Iran on Thursday said it would continue to enrich uranium for research purposes but was ready to resume talks with the P5+1 group of world powers over its nuclear program, adding it was waiting for the European Union to set a time and place for the negotiations.
“We are waiting for Lady Ashton to call Dr. Jalili, and Dr. Jalili is obviously ready to take the call,” Iran’s deputy negotiator Ali Bagheri told Reuters, referring to the EU’s foreign policy chief Catherine Ashton and Saeed Jalili, Iran’s top negotiator.
Iran needed to enrich uranium to 20 percent for the research facility in Tehran and was converting part of its uranium stockpile to reactor fuel, Bagheri said, adding four more reactors were being built for research purposes.
Iran’s nuclear program is widely believed to be intended for military purposes, a claim Iran denies. Tehran has been conducting talks with the five permanent members of the UN Security Council plus Germany over curbing its enrichment activity for some two years, with few breakthroughs.
The US says it prefers to pursue diplomacy, but all options — including a military operation — are on the table and being considered to stop Tehran.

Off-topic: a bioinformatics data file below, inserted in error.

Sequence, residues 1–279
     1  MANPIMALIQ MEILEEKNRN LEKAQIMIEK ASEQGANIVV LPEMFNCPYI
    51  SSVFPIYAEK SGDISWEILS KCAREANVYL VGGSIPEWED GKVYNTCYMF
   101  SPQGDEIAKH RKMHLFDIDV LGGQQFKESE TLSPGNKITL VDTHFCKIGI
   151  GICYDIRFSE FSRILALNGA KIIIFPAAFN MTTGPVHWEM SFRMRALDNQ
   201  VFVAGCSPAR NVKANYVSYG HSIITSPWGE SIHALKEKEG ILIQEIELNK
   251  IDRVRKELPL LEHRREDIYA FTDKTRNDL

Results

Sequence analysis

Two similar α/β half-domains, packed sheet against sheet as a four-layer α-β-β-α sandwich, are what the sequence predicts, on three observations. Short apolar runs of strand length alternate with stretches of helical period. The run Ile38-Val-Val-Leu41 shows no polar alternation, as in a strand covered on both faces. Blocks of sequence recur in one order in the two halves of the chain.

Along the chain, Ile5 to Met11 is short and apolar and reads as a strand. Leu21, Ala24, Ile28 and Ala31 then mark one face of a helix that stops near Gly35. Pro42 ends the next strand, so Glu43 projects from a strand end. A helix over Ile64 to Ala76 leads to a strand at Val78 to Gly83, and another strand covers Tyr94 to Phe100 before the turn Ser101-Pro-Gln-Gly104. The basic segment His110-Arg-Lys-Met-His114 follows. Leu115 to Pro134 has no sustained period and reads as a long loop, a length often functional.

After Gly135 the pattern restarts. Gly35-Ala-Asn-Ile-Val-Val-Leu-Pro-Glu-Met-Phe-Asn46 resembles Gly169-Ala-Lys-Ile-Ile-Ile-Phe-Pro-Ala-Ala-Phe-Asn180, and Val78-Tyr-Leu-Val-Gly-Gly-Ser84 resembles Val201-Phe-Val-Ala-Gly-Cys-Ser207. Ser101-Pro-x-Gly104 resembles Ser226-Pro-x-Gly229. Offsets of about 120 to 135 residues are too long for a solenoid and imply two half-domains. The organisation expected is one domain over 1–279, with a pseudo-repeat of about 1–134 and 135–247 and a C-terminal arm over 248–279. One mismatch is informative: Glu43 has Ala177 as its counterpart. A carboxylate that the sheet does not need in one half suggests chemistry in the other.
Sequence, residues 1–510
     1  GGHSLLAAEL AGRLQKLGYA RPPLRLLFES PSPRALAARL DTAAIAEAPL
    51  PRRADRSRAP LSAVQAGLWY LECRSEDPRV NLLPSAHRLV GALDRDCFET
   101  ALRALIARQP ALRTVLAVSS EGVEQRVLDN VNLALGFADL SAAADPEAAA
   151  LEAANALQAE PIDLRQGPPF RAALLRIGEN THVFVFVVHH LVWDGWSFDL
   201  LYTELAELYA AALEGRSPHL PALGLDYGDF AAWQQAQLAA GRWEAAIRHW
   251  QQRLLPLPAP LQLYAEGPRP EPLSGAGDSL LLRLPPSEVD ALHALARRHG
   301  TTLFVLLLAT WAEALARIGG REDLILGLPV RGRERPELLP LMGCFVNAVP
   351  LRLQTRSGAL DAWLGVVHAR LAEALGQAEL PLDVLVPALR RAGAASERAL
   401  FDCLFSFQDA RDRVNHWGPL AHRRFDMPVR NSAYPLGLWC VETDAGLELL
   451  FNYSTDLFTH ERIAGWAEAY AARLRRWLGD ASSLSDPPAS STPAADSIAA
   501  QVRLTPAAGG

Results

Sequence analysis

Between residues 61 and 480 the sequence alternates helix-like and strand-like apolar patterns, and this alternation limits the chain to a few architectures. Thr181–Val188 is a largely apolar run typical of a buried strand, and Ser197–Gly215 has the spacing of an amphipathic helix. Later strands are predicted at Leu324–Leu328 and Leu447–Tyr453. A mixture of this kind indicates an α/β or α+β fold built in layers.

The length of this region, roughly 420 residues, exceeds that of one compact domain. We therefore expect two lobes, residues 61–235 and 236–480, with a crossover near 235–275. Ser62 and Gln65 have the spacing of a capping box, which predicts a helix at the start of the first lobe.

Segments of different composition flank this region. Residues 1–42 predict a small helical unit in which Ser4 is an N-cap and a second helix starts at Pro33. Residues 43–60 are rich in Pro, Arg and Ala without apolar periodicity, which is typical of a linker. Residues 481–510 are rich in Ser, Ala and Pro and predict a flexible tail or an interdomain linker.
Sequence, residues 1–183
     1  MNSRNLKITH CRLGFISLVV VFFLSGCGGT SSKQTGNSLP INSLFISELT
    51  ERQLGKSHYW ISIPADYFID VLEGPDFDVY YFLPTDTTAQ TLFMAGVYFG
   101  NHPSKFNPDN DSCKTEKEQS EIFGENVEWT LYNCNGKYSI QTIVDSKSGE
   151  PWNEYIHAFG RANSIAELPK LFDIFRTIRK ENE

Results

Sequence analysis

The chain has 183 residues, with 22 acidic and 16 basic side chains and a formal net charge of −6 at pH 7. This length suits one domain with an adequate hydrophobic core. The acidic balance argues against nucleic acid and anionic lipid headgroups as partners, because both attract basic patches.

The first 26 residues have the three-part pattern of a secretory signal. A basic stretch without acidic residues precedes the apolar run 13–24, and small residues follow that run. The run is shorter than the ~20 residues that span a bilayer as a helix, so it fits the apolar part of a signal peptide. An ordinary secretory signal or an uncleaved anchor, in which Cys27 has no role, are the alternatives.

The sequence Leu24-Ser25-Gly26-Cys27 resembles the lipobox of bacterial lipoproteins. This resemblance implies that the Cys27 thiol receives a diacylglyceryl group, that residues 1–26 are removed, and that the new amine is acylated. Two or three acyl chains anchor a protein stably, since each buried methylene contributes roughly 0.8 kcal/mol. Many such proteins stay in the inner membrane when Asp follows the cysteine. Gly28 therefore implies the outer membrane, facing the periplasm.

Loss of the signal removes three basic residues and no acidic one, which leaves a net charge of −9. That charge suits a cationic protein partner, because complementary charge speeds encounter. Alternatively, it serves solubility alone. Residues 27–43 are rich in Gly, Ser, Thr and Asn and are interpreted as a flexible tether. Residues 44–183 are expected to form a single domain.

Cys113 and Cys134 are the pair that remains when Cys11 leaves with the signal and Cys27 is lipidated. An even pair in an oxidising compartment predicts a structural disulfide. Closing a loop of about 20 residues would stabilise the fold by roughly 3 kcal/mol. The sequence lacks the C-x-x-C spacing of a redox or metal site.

Last week Secretary of State John Kerry said he was disappointed by the last round of inconclusive talks in Kazakhstan earlier this month, but insisted that a diplomatic resolution is still the best option.
Those talks ended with the parties admitting that a wide gulf remained between the sides, and no concrete plans to meet again.
On Tuesday, former IDF Military Intelligence chief Amos Yadlin said that Iran had now crossed the “red line” set by Israel for its nuclear activity, and would be able to break out to the bomb by this summer.
Uranium enriched to 20% or higher is banned by international agreements, and viewed as a step toward manufacturing nuclear weapons.